|Private tours in Lisbon & surroundings||
Lisbon, the millenarian city of the seven hills, with the classic views they command, like at the top of
Eduardo VII park. From here we see the wide estuary of Tagus river and Sao Jorge castle.
Cross the central Marques de Pombal square and go down by the XVIII century boulevard called
Liberdade avenue to the popular Restauradores and Rossio squares; it's the heart of Lisbon since Roman
times, and the Pombaline downtown which has been the shopping area for more than 2000 years.
The majestic waterfront Comercio square, facing the extraordinary estuary of the river, once the welcome
gate to seafarer and caravels. Close by is the nucleus of ancient Lisbon. Drive by the oldest quarter, Alfama,
with the structure of the medieval city, with labyrinthine narrow streets, steep stairways and alleys, tiny
squares. If possible, we'll stop in a handicraft shop for a taste of Port wine.
The XVI century "pointed stones" palace - renaissance building with its uncommon facade, Santo Antonio
de Padua church – where Saint Anthony of Padua was actually born, the very ancient Cathedral - stop to
see the church, symbol of Lisbon Christianity.
Go up the hill to the picturesque Bairro Alto, section of Fado singers, bohemian haunt of artists and
writers, passing close by Chiado, the elegant shopping area.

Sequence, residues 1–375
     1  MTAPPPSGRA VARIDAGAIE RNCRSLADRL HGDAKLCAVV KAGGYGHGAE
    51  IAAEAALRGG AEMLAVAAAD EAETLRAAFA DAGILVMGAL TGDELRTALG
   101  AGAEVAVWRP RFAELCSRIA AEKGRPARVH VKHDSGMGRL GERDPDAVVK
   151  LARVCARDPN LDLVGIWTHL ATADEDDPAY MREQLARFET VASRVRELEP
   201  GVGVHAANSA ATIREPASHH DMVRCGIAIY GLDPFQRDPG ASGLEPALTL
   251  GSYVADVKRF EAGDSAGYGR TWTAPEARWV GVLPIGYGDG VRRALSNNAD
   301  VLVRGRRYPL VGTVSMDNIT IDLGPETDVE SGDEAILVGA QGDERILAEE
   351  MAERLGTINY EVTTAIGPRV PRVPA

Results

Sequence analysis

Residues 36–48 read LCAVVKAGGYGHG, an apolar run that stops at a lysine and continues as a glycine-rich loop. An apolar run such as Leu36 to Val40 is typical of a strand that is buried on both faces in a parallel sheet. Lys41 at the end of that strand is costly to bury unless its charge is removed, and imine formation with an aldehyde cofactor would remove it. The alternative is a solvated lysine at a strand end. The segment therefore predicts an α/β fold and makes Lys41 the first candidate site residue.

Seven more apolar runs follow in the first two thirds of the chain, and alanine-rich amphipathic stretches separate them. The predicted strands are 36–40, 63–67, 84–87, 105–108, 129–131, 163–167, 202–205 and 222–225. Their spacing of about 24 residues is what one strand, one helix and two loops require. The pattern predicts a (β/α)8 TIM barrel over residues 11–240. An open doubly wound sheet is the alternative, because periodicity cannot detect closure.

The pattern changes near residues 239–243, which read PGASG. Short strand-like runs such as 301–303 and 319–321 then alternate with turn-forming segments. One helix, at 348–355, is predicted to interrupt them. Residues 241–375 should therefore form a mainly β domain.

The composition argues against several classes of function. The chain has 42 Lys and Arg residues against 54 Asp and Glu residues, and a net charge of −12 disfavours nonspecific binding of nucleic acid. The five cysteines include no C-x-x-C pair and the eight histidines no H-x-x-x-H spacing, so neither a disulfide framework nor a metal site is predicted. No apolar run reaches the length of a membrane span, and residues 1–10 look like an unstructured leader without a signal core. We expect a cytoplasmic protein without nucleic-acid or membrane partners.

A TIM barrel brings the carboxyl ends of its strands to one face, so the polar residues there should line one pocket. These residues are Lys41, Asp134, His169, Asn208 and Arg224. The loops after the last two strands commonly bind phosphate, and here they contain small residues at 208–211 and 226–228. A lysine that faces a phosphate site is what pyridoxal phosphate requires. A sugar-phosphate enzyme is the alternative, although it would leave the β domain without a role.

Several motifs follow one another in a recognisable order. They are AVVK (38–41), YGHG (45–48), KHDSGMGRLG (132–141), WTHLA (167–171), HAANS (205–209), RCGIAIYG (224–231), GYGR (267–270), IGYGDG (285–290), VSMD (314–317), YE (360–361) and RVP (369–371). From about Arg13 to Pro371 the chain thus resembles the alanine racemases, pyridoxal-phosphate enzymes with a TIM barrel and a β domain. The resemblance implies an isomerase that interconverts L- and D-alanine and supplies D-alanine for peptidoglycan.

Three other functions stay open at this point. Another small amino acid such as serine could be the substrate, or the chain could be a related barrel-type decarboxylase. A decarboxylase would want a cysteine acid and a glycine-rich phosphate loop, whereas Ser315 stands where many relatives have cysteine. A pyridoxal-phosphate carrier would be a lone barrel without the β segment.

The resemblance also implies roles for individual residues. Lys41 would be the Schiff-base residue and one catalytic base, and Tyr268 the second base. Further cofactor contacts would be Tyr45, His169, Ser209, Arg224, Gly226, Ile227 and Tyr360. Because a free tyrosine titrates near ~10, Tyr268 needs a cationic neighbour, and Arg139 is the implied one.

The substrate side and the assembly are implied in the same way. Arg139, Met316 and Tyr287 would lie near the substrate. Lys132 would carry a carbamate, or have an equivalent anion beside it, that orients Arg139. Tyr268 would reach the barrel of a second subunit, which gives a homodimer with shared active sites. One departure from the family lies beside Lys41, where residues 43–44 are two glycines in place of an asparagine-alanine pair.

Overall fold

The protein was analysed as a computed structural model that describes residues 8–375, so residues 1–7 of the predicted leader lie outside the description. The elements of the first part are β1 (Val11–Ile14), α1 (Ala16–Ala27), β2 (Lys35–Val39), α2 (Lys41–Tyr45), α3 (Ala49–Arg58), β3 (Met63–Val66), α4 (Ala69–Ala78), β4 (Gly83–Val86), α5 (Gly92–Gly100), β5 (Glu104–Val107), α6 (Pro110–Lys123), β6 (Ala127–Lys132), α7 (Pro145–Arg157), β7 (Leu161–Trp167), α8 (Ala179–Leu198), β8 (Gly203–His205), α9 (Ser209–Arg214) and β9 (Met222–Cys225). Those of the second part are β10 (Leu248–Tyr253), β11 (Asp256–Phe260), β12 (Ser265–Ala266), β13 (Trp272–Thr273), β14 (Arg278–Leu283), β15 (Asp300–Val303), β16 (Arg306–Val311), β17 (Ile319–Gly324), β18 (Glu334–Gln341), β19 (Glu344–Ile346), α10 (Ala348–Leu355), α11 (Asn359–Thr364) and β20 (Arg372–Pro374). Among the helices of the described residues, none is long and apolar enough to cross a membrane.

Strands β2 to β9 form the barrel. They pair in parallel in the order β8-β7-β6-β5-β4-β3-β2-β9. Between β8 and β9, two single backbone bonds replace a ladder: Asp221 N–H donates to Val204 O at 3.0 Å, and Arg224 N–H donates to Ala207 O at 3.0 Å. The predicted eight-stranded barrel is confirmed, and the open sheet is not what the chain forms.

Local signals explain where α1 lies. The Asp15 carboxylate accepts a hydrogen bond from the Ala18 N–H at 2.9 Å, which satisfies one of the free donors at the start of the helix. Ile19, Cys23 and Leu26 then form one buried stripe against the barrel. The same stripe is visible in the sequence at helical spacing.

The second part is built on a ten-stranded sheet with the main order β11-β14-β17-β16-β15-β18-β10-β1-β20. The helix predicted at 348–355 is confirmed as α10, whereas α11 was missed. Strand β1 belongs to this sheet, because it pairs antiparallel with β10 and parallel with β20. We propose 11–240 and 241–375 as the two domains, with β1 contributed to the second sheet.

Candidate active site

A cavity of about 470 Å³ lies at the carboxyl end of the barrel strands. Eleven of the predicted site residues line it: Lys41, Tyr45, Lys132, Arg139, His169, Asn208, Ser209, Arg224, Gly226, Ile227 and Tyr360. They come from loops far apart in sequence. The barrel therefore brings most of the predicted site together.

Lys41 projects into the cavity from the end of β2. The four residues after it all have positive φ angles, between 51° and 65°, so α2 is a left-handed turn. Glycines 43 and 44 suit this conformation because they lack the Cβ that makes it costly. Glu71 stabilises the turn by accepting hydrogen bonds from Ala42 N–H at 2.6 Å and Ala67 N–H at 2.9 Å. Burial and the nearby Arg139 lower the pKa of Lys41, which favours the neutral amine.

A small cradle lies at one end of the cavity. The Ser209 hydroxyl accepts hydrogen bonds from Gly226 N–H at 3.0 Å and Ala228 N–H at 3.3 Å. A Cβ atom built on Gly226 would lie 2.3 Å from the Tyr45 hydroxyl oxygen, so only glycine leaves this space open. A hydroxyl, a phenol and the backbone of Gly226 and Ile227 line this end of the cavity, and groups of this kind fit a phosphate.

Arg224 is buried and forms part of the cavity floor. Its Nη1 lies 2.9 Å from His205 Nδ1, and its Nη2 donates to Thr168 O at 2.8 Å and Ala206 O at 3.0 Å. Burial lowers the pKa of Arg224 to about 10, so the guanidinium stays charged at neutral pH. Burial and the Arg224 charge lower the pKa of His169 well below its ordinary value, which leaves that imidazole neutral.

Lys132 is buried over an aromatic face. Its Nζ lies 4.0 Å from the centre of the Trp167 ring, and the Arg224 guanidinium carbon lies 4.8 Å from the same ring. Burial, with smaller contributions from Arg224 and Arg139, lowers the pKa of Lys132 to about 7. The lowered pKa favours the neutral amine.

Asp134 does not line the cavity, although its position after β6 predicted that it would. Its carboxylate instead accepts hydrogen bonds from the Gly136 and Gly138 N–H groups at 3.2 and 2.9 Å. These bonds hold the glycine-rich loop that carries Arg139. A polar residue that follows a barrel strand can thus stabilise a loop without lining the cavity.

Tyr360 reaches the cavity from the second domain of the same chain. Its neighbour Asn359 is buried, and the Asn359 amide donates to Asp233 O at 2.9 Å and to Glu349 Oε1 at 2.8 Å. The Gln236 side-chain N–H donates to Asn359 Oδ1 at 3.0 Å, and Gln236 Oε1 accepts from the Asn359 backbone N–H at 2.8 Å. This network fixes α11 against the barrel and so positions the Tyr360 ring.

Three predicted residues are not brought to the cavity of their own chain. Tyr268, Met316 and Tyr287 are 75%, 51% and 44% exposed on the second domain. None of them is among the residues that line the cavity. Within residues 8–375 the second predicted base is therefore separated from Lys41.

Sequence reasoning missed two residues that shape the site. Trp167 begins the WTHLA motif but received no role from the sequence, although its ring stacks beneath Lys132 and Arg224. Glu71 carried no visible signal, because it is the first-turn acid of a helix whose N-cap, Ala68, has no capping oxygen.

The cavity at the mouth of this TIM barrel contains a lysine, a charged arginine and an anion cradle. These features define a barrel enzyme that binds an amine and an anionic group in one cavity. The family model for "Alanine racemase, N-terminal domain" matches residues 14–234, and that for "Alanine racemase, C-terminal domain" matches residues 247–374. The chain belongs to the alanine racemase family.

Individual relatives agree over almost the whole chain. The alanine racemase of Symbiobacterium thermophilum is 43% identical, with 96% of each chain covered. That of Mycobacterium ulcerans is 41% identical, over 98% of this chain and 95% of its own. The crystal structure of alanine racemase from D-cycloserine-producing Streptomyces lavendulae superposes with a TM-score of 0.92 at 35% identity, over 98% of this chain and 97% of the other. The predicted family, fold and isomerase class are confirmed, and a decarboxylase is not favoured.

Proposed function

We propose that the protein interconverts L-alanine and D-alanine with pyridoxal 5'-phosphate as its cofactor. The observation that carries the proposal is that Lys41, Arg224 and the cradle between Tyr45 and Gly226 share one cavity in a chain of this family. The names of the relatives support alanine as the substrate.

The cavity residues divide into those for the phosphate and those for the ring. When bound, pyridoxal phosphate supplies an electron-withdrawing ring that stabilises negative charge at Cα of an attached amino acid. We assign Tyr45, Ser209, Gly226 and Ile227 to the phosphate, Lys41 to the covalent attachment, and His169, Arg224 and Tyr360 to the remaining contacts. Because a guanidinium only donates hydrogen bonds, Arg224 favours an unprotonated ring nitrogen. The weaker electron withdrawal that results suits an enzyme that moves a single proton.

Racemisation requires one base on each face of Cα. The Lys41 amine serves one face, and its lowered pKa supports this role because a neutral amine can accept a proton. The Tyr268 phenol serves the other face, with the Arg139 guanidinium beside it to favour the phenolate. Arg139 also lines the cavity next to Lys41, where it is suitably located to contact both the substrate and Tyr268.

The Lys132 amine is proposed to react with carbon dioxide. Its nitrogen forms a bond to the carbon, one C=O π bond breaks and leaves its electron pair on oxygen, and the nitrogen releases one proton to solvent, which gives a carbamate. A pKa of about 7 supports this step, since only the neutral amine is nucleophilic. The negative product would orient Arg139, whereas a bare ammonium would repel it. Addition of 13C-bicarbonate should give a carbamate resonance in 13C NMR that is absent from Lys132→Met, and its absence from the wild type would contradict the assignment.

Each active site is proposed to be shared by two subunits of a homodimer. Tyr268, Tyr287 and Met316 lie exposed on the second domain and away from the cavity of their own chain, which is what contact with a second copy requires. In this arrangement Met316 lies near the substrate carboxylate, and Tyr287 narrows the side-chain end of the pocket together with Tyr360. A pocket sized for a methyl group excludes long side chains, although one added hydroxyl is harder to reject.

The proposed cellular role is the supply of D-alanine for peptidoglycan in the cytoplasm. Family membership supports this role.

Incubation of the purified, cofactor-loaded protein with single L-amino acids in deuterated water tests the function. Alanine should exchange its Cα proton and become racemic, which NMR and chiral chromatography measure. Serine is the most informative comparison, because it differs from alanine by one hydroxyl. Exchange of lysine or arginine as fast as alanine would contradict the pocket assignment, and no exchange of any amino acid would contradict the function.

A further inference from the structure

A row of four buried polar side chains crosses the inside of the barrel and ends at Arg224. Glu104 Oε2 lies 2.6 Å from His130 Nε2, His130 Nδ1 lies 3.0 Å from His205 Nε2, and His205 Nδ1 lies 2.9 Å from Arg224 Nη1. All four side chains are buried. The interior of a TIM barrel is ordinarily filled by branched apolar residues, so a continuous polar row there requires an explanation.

Pass by Estrela basilica - marble construction with an outstanding dome, one of Lisbon's most eye-catching
landmarks; the Parliament of Portugal – an outstanding neo-classical palace.
The tour continues along the riverside by the harbour with sights of one of world's leading cruise
On the way to Belem, the most monumental and historical quarter, we pass by Belem palace, official
residence of the President of Portugal. Stops at Belem Tower – icon of the Age of Discovery (stop for
photos, drinks and toilettes), the Monument to the Discoveries – evoking the maritime expansion. Close
by is Jeronimos Monastery, magnificent example of the Manueline style, the most impressive symbol of
Portugal's power and wealth during the Age of Discovery (stop to see the church).
We leave Lisbon passing by the scenic harbour and the estuary of the river and its seashore.
The Estoril coast, incorporating holiday hotspots offers great beaches and a choice of historic sights.
Cosmopolitan seaside town of Carcavelos is popular for its long stretch of sandy beach and its XVII century fortress - the biggest in Tagus
Other beaches on Estoril's include Parede. Waters here are rich in iodine and have therapeutic qualities. Around Sao Pedro, Sao Joao and
Santo Antonio do Estoril the beach scene gets more cliff like, but there are small beach bays with aristocratic palaces, manor houses and deluxe
villas, a safe haven of exiled kings and politicians.
The cosmopolitan casino town of Estoril boats pretty Tamariz beach which is good for bathing and the biggest casino in Europe, its gardens,
cafes and esplanade.
Cascais fishing port swiftly expanded to an elegant, cosmopolitan, coastal resort. Once stop of navigators like Columbus and Vasco da
From the harbor there’s a nice view of Estoril bay and one can watch the typical fishing boats unloading the catch, a flash marina and a castle.
Drive across the luxuriant Sintra Mountain and its gardens - "The Glorious Eden" - by twisted roads bordered by several plants, its mystical
hills dotted with fairytale palaces and extravagant villas that have bewitched visitors for centuries.
Sintra’s historical town centre is a listed UNESCO world heritage site. It is made up of a charming maze of steep, narrow streets lined with